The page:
To get started: change those light bulbs! It has been noted so many times, and indeed the reduction in power use linked to light bulbs is a fact. Now, do not go around and throw out all your old ones, just replace them as they wear out. If you do not like the slightly more clue light, look for LED bulbs. There are even more efficient and provide a bit more calm and warm light. They are still a little more expensive but, in my opinion, worth it.
The next item, if you are living in a climate that depends on year round climate control, such as Miami, is to replace your thermostat with e digital, programmable model. Once you have done this program it! You should set the daily dial when no one is home to at least 82, better 85 degrees. If your AC unit is reasonably new, try to set it at 77 or 78. Older models will likely be lower than this. You can improve the performance by cleaning out the ducts and getting the whole system services. On the latter, ask about improved refrigerants, they may help your unit run better.
Next item up is an Energy controller, such as KVAR (www.KVAR.com ) which will optimize the energy used ongoing versus initial draw: In essence, we are using, let’s say, 100 units to turn on a light. Once on, the light will continue to draw 100 even though it only needs 20. The energy controller will reduce the energy used to that what is needed only; during start and operation…thus saving you energy and money. This nifty little device goes next to your panel and will require a basic electrical permit under FBC; still easy to do and very affordable.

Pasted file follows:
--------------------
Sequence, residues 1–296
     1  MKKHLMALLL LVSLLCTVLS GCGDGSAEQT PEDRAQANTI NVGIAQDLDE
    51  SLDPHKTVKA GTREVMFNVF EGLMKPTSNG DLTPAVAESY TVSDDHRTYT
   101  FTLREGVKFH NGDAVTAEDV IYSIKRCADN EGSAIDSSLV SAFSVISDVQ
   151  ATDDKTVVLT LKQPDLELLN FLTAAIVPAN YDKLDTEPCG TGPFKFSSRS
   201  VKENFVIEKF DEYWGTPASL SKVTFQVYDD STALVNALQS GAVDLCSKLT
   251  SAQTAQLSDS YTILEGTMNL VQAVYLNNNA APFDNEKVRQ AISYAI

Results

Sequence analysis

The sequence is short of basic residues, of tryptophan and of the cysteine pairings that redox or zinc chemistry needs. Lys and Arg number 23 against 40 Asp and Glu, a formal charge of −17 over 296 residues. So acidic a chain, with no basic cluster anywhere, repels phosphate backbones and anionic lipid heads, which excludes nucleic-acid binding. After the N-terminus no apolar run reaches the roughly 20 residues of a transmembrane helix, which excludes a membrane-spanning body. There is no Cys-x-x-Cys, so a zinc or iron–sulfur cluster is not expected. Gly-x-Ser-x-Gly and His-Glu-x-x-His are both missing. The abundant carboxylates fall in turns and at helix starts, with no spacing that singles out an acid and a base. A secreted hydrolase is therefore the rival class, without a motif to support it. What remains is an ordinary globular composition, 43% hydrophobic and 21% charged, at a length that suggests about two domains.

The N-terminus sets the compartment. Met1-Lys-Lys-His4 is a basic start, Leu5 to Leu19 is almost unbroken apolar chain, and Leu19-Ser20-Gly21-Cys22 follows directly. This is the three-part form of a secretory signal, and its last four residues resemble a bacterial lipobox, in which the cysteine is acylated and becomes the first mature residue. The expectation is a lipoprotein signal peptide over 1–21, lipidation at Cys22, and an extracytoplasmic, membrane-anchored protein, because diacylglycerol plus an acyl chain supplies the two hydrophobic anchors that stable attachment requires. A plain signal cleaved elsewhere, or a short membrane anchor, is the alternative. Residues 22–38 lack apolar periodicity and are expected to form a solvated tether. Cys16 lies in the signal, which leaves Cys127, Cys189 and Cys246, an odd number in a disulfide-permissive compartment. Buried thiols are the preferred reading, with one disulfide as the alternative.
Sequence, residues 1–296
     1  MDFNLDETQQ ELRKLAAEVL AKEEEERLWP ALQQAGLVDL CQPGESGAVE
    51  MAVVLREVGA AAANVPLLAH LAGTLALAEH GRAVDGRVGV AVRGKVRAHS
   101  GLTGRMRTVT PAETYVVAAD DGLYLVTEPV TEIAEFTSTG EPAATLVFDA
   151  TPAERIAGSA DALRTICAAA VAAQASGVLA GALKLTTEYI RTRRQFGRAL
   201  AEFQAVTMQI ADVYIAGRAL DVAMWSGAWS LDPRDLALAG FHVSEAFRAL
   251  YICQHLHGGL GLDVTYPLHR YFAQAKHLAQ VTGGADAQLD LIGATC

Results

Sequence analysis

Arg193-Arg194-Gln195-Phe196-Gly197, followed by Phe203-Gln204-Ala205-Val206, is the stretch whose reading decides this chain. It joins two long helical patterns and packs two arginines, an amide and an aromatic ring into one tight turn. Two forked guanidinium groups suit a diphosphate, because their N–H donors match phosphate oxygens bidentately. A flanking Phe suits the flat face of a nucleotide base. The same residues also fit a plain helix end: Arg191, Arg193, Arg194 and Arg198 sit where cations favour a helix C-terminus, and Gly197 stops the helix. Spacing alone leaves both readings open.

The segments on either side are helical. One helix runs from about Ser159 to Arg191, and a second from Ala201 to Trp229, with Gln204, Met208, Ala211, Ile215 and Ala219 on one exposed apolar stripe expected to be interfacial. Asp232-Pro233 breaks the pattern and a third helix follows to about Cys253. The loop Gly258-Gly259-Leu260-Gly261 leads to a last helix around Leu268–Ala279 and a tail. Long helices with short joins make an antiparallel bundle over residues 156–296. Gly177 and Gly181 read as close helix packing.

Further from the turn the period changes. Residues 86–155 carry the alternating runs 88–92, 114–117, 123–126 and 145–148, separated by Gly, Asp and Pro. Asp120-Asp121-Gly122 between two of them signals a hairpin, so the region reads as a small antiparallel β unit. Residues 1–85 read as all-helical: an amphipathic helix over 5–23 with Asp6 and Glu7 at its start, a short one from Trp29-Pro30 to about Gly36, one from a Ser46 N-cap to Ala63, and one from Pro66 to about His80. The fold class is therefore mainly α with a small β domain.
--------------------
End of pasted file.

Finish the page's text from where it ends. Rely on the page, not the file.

If you like go beyond just optimizing a few motors in your home, consider a home automation system. This is a little more complex and generally more appropriate for new construction or substantial remodeling, but can also be done in existing homes with minor upgrades. Into the automation system you can tie in whatever you have. AC, water heater, lights, sound, appliances, car garage and automatic dog feeder. The good ones will not just let you program it but also provide remote access and detailed history to continue optimizing use and application. I like to use the guys from Sound Components (http://www.soundcomponents.com/ ) and Lutron products (that they also use).
Final note on this go around is the on demand water heater. Great for residential applications, it only requires power when actually heating the water and not the entire day, regardless of use. This system also will never run out of water, since there is no tank, making it a space saver. In my house I have a Titan installed between my back to back bathrooms and the water is hot quickly (no more wasted water while waiting for it to arrive from the tank…). The challenge for a tankless system is that it requires 220 volt. Alternatively you can use a gas system, but this will have to be vented through the roof. Both options require permits.
More to come…
Contact Sebastian Eilert @ www.SebastianEilert.com for speaking engagements, workshops and project help.
Your discussion of the KVAR product was a little bit off target.
The example of a light bulb is a resistive load, for which Power Factor Correction is not necessary (or even possible). Where it comes into play is with motor loads, and most significant for very oversized motors compared to their average running load.
BTW, I talked by phone to a KVAR distributor who is no longer selling to residential customers because the cost and payback period do not justify it. Still very high potential benefit for commercial or industrial customers though.
Thank you for your comment. Your input and correction is much appreciated. I agree on the payback for residential proejts, it is a little challanging.